4 in 10 Residents in Delhi and Mumbai seek medical attention for health issues related to air pollution every few years,” the survey added. Pristyn Care, a healthcare provider, conducted a survey involving 4,000 participants residing in Delhi, Mumbai, and the surrounding regions. The results showed that 90% of respondents were suffering from prevalent symptoms associated with the declining air Quality Index—persistent coughing, shortness of breath, wheezing, or sore throat.
In the January-March quarter, Mumbai’s air quality consistently worsened, with PM 2.5 levels increasing from 50.2 in 2019 to 80.6 in 2023—a significant 60.5% jump. During the October to December season of 2022, the average PM 2.5 concentration in the air increased compared to the same period in 2021, but was slightly lower than that of 2020.
According to the Central Pollution Control Board, Delhi’s Air Quality Index (AQI) reached the very poor category in multiple areas. The official data recorded at 7.00 am revealed an AQI of 340 in Anand Vihar, 315 in Ashok Vihar, 307 in ITO Delhi, and 332 in Jahangirpuri. Delhi’s AQI was categorized as ‘poor’ over the past few weeks; the capital city has been grappling with air quality ranging from severe to very poor. Currently, these ‘pollution refugees’ come from the privileged class of the educated and aware. But as awareness grows and people connect the dots around the health harm pollutants trigger—in this case, the human cost of air pollution—the country will see a greater migration from extremely high to relatively low pollution areas, says Jyoti Pande Lavakare.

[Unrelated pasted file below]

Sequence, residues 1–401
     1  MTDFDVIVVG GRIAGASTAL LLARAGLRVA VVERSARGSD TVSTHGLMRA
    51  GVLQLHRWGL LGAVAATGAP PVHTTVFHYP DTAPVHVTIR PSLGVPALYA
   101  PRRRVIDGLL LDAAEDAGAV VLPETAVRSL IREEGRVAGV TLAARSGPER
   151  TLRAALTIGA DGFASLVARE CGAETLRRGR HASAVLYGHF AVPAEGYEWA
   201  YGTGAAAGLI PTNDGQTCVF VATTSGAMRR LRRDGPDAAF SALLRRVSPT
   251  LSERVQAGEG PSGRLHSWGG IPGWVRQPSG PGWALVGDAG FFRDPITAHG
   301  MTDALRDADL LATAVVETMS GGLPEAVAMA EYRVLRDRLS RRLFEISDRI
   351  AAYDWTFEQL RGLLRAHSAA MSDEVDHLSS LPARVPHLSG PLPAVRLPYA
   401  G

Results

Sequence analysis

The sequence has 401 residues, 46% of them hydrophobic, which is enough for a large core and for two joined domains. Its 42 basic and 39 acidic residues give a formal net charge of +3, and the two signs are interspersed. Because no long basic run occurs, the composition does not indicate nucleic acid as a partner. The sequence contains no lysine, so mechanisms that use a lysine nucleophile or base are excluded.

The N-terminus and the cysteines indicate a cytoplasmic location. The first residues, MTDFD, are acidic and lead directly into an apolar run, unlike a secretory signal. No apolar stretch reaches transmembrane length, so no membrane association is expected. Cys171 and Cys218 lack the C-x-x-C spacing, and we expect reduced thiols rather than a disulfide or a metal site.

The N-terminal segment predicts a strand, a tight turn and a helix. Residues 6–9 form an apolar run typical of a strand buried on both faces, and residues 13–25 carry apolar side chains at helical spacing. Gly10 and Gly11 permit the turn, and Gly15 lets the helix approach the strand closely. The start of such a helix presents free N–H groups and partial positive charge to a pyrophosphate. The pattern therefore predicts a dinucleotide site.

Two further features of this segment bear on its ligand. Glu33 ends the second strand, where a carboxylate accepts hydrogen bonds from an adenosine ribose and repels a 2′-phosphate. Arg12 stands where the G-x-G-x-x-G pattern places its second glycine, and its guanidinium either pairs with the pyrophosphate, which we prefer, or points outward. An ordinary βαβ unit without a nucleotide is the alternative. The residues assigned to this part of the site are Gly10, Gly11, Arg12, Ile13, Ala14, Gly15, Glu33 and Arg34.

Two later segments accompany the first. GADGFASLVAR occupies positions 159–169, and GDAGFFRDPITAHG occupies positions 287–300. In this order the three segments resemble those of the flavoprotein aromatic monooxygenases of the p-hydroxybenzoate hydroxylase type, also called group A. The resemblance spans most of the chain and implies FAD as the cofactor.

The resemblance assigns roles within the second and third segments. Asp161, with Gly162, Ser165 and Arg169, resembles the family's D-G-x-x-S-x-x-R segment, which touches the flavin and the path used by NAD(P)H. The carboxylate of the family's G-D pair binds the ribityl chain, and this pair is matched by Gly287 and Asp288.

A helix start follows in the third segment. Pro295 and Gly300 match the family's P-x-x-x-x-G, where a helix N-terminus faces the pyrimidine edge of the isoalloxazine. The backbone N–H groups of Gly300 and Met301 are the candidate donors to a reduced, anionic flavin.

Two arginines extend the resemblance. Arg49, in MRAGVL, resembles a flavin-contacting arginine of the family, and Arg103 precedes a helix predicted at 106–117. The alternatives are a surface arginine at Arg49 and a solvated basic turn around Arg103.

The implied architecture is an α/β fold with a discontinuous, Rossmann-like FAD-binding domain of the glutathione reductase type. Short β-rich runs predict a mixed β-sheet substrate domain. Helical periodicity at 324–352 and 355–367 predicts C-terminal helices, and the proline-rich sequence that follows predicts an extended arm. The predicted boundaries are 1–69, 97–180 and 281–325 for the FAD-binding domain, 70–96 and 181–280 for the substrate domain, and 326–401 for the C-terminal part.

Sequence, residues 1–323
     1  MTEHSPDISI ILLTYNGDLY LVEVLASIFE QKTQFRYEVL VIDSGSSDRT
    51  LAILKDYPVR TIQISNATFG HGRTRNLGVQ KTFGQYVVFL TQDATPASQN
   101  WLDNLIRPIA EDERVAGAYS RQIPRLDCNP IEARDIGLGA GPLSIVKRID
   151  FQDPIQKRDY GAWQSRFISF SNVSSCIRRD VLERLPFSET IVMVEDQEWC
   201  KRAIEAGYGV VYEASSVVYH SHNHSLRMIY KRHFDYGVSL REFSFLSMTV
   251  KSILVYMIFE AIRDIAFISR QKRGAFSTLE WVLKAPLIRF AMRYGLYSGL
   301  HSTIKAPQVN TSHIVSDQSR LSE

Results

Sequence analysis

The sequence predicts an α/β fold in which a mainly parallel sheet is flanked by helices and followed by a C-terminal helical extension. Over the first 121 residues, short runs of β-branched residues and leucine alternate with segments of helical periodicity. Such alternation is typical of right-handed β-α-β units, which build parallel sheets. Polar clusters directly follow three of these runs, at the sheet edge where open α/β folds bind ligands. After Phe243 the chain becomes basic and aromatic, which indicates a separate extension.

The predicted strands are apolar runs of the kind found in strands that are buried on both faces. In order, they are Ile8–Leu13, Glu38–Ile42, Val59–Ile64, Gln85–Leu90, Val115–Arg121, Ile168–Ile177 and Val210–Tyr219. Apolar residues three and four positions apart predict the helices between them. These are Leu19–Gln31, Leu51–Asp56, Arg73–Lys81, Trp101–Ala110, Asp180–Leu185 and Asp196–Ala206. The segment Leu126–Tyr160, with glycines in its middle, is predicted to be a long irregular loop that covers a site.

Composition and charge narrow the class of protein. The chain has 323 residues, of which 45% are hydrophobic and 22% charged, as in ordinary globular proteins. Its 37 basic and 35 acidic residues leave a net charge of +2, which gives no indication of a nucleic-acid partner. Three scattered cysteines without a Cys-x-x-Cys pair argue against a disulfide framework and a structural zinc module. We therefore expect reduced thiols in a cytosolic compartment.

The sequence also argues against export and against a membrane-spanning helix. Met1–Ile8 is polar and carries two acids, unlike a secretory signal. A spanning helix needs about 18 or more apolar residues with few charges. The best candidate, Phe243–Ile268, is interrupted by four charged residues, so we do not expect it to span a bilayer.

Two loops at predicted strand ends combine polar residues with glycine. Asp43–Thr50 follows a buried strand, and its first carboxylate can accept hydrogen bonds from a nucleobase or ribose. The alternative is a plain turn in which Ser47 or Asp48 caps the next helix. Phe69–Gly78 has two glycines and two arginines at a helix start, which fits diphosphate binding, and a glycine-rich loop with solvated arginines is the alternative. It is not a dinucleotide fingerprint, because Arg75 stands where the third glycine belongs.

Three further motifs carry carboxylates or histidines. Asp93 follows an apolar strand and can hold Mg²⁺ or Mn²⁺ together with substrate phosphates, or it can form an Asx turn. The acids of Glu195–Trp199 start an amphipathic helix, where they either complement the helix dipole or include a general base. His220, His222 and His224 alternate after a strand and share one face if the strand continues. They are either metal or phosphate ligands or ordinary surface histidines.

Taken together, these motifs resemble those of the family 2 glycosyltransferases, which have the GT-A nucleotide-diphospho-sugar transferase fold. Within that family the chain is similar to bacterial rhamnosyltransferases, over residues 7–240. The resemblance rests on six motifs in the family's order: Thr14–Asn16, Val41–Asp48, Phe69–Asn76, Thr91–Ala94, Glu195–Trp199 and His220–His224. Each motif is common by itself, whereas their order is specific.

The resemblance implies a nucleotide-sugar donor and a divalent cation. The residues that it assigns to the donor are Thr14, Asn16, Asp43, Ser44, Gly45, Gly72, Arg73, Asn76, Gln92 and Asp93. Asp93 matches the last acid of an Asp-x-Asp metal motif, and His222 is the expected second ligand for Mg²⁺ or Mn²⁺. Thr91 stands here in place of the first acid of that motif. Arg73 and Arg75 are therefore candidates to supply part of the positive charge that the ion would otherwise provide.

There are enough reports to show that lower levels of air pollution still trigger diseases and disabilities. Experts speak in one voice when they say, “There are no safe levels of air pollution,” whether it is the World Health Organization, the National Institute Of Health, The American Journal of Respiratory and Critical Care Medicine, or others. Very simply put, it is the difference between smoking 2 cigarettes or 20. Both harm our health, but smoking two will harm relatively less than smoking 20 cigarettes.
As far as 25 years back, a study by doctors had shown that high episodic air pollution increased cardiovascular and respiratory events, leading to higher emergency room visits at AIIMS.
Various initiatives undertaken by the government for the mitigation of air pollution include:
- The central government has launched the National Clean Air Program under the central sector control of pollution.
- The central government has notified a comprehensive action plan in 2018 for the prevention of air pollution.
- The Graded Response Action Plan (GRAP) was notified on January 12, 2017, for the prevention, control, and abatement of air pollution in Delhi and NCR.
Tips to protect against air pollution in Delhi-NCR:
- Close windows: On days with poor air quality, keep doors and windows closed to limit indoor pollution.
- Use N95 mask: If you need to go outside, consider wearing an N95 mask to protect against fine airborne particles.
- Take a shower: Shower after being outdoors to remove pollutants from your skin and hair.
- Stay indoors: Limit your time outdoors and seek well-ventilated areas. Avoid outside exercise, check the daily forecast, and use camphor to maintain indoor air quality.